Glastonbury refused entertainment licence

Organisers of the Glastonbury Festival have suffered a setback after a local authority refused a public entertainment licence for next year's music event.

Mendip District Council in Shepton Mallet, Somerset, last night denied permission for the festival in June following a five-hour meeting of its regulatory board.

The meeting, attended by some 50 people including organiser Michael Eavis, concluded with a 5-4 vote by the board against the licence for up to 150,000 people.

Although the application was not opposed by police, concerns were raised over problems this year in villages near the site of the music event in Pilton, Somerset.

A council spokesman said: "There were three main issues that dissuaded the board from granting the licence.

"The board didn't accept that Glastonbury Festival Limited would deliver security for the village of Pilton and surrounding villages.

"Secondly, the environmental damage on the area and finally the unsuitability of the site as villagers said the festival had outgrown it.

"There were several vociferous villagers at the meeting who spoke very strongly against the festival."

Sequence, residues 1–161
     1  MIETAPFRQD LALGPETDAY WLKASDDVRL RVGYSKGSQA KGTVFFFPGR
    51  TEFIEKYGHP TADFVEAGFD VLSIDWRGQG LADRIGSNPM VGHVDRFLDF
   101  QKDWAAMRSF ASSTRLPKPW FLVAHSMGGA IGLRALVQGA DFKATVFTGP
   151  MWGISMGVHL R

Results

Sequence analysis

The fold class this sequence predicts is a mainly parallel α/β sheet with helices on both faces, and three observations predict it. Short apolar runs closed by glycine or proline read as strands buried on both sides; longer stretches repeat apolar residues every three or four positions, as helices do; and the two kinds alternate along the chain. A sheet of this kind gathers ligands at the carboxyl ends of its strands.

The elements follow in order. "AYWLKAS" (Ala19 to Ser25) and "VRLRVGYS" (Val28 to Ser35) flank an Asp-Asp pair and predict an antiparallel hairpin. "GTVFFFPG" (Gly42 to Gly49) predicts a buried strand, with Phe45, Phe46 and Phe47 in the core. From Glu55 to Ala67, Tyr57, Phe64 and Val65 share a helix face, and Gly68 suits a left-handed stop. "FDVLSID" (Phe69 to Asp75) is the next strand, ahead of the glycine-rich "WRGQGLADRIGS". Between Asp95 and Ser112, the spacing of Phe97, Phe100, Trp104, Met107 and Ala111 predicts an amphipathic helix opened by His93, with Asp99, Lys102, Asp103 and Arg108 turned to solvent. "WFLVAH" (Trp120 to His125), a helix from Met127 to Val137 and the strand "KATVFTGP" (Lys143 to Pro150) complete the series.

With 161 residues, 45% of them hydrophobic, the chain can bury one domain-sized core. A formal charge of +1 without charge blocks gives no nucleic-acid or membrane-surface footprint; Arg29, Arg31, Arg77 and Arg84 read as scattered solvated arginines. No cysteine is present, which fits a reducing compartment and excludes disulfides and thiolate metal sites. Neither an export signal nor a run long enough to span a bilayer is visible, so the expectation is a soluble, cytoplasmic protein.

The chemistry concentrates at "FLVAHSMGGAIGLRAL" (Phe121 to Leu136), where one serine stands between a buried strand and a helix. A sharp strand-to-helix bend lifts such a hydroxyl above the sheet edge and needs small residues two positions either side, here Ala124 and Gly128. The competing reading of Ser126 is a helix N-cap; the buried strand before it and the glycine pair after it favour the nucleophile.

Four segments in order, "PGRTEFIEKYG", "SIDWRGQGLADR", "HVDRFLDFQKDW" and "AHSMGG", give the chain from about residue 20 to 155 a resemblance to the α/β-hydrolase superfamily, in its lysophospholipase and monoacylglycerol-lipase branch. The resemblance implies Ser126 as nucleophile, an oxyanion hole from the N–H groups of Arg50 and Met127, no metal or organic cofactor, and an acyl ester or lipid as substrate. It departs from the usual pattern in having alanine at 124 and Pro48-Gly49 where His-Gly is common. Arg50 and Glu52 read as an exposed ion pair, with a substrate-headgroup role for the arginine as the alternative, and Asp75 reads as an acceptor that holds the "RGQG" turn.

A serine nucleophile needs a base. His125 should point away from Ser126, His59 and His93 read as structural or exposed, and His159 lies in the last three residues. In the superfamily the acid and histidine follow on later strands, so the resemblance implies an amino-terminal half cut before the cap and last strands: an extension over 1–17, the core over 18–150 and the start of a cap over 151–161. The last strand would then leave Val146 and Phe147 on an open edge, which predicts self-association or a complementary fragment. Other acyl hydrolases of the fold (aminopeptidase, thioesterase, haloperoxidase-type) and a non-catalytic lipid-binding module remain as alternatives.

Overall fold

The spokesman said Mr Eavis was "disappointed" at the result and left the meeting quietly.

Glastonbury Festival Limited now have 21 days to appeal against the decision to local magistrates.

At a previous meeting of the board to discuss this year's event, members were told that a total of 1,089 crimes were attributed to the festival and 228 arrests made.

At that meeting, Pilton residents said that more police and security measures were needed to address their concerns should another festival be held.

Other issues that needed to be addressed before a licence could be approved were unauthorised car parks, non ticket holders turning up, crowd control, the cost of the festival to the public purse, litter, toilets and the power supply.

This year a £1 million security fence was used after police and the council threatened to pull the plug for good following scenes at the 2000 festival when tens of thousands of people breached security and jumped fences.

The 3.5 metre high steel fence ran round the entire 4.5 mile perimeter of the 800-acre site.

The festival next year was set to take place from Friday June 27 to Sunday June 29 and the application was for 112,500 weekend tickets, 3,500 Sunday passes for local residents and 34,000 passes for performers, stewards and staff.

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